Harvey Scales nous a quittés RIP

Harvey Scales









Harvey Scales (September 27, 1942 – February 11, 2019)[1] was an American R&B singer, songwriter, and producer. Scales had been active in the music industry since the 1960s, and composed songs for groups such as The DellsThe Dramatics and The O’Jays. He is particularly notable for his co-authorship of the songs “Love-Itis” and “Disco Lady“. Once called Milwaukee’s “Godfather of Soul” by a local reporter,[citation needed] Scales credits James Brown[2] and the sound of “funk” for influencing his music career.


Scales was born in Osceola, Arkansas, and grew up in MilwaukeeWisconsin,[3] where he attended Roosevelt Middle School and North Division High School.[2]

He was well known in Milwaukee, before his big break as a national songwriter. He was known as “Twistin’ Harvey”, in the early 1960s.[4] In 1961, he and his longtime friend Albert Vance (1943–2003) formed the group, Harvey Scales and The Seven Sounds, which released several singles.[5]

Harvey Scales and The Seven Sounds initially recorded for Cuca Records, and later for Magic Touch Records, a Wisconsin-based label owned by Lenny LaCour.[6] The band’s one hit was “Get Down”, backed with “Love-Itis”,[5]which reached No. 32 on the R&B charts in 1967.[2]

The band signed with Chess Records in 1969, recording for the Cadet Concept Records division, with LaCour continuing as producer.[5] In 1970, the group had a regional hit with the LaCour-produced “The Funky Yolk”.[2]Through his familiarity with producer Don Davis at Chess, Scales met singer Johnny Taylor, who was at the time recording for Stax Records. Scales then moved from Cadet Concept to Stax, releasing several singles.[2][5] Scales followed the career of Johnny Taylor when Taylor moved to Columbia Records. As described by Ed Hogan:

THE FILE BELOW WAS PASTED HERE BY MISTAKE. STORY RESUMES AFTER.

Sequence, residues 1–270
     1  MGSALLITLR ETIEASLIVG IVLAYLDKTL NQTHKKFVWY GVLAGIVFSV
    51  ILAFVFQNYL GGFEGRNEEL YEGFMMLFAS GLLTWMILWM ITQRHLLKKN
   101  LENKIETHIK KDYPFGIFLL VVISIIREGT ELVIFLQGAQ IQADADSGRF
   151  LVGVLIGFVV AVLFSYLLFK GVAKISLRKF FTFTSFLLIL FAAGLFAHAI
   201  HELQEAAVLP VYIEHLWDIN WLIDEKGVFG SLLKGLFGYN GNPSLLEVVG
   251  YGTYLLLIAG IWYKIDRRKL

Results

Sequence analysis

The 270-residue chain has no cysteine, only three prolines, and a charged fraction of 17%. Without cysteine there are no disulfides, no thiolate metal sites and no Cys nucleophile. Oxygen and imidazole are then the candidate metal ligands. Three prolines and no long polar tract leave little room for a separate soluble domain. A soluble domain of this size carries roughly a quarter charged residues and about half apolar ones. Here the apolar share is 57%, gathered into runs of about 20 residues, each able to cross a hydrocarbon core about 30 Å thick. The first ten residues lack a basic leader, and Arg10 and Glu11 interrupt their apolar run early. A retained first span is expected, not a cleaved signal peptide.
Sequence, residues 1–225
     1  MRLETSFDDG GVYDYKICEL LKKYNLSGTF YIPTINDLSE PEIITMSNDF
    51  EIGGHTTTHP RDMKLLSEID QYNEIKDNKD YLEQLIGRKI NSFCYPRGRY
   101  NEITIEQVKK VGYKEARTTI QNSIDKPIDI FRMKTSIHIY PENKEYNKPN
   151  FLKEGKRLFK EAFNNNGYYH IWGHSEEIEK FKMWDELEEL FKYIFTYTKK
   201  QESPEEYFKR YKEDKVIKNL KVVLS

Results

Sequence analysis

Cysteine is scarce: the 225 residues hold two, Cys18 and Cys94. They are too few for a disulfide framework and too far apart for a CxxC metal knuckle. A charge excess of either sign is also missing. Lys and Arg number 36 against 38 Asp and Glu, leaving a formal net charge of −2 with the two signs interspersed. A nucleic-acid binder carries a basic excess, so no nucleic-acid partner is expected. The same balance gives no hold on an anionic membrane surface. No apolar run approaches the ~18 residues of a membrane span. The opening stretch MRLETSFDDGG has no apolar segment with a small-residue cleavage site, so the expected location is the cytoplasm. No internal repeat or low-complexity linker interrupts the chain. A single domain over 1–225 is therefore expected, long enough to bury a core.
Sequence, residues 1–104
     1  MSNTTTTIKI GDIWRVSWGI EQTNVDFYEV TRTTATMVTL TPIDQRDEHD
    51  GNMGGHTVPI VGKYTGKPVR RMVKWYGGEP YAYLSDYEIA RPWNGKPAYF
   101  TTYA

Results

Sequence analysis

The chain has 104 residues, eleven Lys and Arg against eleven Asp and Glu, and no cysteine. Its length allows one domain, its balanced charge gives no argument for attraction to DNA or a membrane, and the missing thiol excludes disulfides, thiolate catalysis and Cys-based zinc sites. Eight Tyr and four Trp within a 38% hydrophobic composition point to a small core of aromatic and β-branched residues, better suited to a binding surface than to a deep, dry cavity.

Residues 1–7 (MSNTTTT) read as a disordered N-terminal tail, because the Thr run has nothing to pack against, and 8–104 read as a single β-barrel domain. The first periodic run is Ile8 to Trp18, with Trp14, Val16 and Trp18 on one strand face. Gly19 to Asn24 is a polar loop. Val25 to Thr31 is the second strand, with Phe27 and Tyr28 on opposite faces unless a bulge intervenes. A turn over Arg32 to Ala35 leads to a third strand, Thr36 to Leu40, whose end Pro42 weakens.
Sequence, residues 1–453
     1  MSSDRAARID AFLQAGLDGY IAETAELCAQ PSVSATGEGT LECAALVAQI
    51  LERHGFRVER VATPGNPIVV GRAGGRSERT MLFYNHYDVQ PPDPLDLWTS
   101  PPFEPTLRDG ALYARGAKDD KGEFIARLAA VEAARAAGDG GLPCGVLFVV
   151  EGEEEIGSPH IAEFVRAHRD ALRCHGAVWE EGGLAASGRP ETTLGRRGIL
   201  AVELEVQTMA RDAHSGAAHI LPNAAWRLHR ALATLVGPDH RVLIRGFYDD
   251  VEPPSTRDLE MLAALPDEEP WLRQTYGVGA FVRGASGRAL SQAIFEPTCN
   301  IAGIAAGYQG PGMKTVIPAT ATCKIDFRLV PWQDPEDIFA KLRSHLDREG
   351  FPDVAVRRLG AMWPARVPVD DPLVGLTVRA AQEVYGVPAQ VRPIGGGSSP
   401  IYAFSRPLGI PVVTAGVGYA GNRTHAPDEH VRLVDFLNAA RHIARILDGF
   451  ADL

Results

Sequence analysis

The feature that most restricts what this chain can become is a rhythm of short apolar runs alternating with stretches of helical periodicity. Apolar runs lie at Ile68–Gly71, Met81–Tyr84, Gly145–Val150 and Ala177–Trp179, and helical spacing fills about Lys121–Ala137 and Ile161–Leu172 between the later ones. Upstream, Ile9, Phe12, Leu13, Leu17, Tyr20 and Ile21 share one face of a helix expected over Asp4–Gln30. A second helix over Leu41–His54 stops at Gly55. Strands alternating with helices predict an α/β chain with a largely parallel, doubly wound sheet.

“When Stax became inactive, Taylor signed with Columbia, retaining Davis’ services. Recording at Davis’ favorite studio (United Sound Studios in Detroit), the producer used the Impressions‘ “Gypsy Woman” and an African dancer he had seen on a vacation to Spain as a template for a partially finished song (“Disco Baby”) that Scales had brought to him. Davis took it to (Bootsy) Collins and (Bernie) Worrell, who honed and tightened up the groove, while veteran arranger David Van De Pitte did the horn arrangements.”[5]

Scales received national recognition for co-writing Billboard Hot 100 chart-topping single for Johnnie Taylor, “Disco Lady“. “Disco Lady” was the very first platinum single in the history of the Recording Industry Association of America,[citation needed] selling over two million copies. It was certified platinum on April 22, 1976. As a result, Scales is the first songwriter of a platinum single in America.

Scales is also notable as being the co-writer of “Love-Itis“, a 1967 release by Harvey Scales and The Seven Sounds, which later was covered and was a hit for the Canadian band Mandala in 1968,[7] and the J. Geils Band in 1975.[8] The song was also covered by The Sonics,[9] originally recorded in 1967.[10]

Scales also co-wrote, with Bunny Sigler, “Once Is Not Enough”, recorded by The O’Jays[11] and, as sole composer, “Be For Real With Me”, which was recorded by The Dells.[4][12]

The success of “Disco Lady” enabled Scales to obtain a recording contract with Casablanca Records. At Casablanca, Scales recorded the first two albums of his career, Confidential Affair (1978) and Hot Foot: A Funque Dizco Opera (1979).[5] Scales did not release another album for eighteen years, when he released Somebody Else’s Somebody on Four Sight Records. In 2009, a compilation album of material by Harvey Scales and The Seven Sounds, recorded for Magic Touch Records, was released by Soul-Tay-Shus Records as Love-Itis: All the Rare & Unreissued 45’s from the Vaults of Magic Touch: 1967-1977.